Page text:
What do they mean that you can’t extract parts? I read that section three times and I don’t understand this – I mean, there must be a way to get parts from an ensemble score, but…

    1. David MacDonald

      Extracting here means making a separate and no-longer-related file. This is something Sibelius pioneered with Dynamic Parts many years ago. Finale calls their version Linked Parts.

      Back in the bad old days, parts and scores were not part of the same file and required a lot of cumbersome re-doing of work if any edits needed to be made.

    2. Daniel

      The way I understand it, you just create a layout containing one or more flows of a specific player, while the full score is the layout with all players’ flows.

    3. Sky

      Emma, I think it means you cannot make the part into a separate file. It will only be what they call “linked parts” in Finale and Sibelius. So if you edit the part the change will also show up on the score. This concerns me because I’ve had lots of reasons to extract parts. For example, in sax and clarinet parts for atonal music I extract the parts so I can change the B#s and E#s in the part to Cs and Fs but I don’t want the spellings to change in the score (perhaps transposition purists will judge me for this). Also, I’ve made a vocal part that had an entire staff of cues, though I’m sure there would be a workaround to do something like that.

      1. William Kay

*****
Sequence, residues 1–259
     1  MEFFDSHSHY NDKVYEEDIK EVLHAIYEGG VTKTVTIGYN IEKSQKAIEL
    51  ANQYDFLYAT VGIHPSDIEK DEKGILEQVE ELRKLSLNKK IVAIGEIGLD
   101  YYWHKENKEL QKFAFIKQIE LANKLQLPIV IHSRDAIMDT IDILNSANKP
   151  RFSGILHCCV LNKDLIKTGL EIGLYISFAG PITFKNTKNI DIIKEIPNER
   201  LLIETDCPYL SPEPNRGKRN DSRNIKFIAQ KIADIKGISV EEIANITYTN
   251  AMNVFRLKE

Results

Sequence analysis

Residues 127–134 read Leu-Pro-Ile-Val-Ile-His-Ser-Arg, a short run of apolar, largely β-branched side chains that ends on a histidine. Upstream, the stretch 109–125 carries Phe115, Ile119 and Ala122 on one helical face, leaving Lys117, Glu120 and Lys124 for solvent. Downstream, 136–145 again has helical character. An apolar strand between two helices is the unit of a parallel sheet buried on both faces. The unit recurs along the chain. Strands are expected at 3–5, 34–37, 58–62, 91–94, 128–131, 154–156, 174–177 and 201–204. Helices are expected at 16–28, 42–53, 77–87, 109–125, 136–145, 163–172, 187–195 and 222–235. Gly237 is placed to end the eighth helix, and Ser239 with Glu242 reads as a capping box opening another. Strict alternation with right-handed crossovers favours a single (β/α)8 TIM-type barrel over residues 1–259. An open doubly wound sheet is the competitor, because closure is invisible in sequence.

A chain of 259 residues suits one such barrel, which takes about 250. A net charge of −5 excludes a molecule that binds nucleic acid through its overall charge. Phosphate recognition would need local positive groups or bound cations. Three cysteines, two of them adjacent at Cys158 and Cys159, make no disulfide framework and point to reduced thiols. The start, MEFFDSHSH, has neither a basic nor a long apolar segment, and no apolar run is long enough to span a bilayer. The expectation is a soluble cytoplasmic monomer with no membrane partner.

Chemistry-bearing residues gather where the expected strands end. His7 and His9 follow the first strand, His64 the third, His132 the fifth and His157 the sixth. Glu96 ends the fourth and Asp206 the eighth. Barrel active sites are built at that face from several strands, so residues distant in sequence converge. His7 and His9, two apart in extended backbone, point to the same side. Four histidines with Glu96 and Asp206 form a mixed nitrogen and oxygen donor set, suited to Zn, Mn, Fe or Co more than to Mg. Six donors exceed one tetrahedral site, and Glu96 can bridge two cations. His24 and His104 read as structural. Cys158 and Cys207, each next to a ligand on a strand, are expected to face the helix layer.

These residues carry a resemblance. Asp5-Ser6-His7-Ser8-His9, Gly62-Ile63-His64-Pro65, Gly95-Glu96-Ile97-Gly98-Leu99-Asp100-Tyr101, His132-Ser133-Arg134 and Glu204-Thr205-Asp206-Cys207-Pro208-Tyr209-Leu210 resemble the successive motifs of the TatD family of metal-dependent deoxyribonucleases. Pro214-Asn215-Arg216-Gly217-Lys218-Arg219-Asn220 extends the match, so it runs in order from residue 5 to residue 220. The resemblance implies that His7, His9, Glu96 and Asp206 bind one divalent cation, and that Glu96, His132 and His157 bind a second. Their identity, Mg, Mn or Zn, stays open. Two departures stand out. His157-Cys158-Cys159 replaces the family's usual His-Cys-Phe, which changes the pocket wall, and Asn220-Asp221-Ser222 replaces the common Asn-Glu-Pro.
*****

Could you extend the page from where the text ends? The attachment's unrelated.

As I understand it, you could now do this without extracting parts in Sibelius 8 (different spelling of accidentals in parts vs the score); so I guess the Steinberg team will likely implement something similar.

  4. Gregory Winters

    I will be interested to see if the product does any better with sound libraries. My experience with Sibelius 7.5 has been highly disappointing.

  5. Ralph L. Bowers Jr.

    Did not see anywhere in this whether it will be available as a 30 day demo.

    1. Hans Nel

      You can download the HALion Symphonic Orchestra library trial to evaluate it for 30 days.

  6. Bill

    Independent tracks for each playing techniques seems strange, and counter the Cubase’s Expression Maps. Keyswitches have been in use for 20 years to avoid that cumbersome workflow.

    1. Mark

      Actually it is not that surprising because some libraries are starting to move away from keys witch instruments, and specifically notation programs have not done well with key switches naturally since they must be programmed manually for each instrument.

      1. fratveno

        Expression map technology will be used. As I understand it, separate tracks for each articulation will only be a (resulting) feature of the Piano Roll view. Sort of best of both worlds. Whether the notation will autogenerate expression maps remains to be seen.. :)

  7. David MacDonald

    I can’t wait to try Engrave mode with Astropad on my iPad!

  8. Tiago Costa

    My first impressions:

    1) I like the name but don’t like that brown box logo.

    2) UI and music font looking great.

    3) Us$ 199,00 for a crossgrade would be more appealing for a brand new scoring app.

    4) Avid made a bad move letting Mr. Spreadbury go.

  9. William Kay

    Exciting as this is, I can see an immediate hurdle with the keyboard shortcuts used for basic input. Obviously this is eminently sensible on a US/UK English keyboard; but on my Norwegian keyboard there are shortcuts which are not immediately available (eg the square bracks are SHIFT-ALT-brackets).

    The logic of the last three keys on the top row affecting accidentals is also lost: the + key comes after 0, but after that there is a special regional accents key. Minus “-” is next to bottom shift, and is again a SHIFT option.

    The nice thing about the Sibelius numeric keypad is that it is region independent. I have a feeling that the Dorico shortcuts, at least to start with, may prove quite illogical on a non-English keyboard.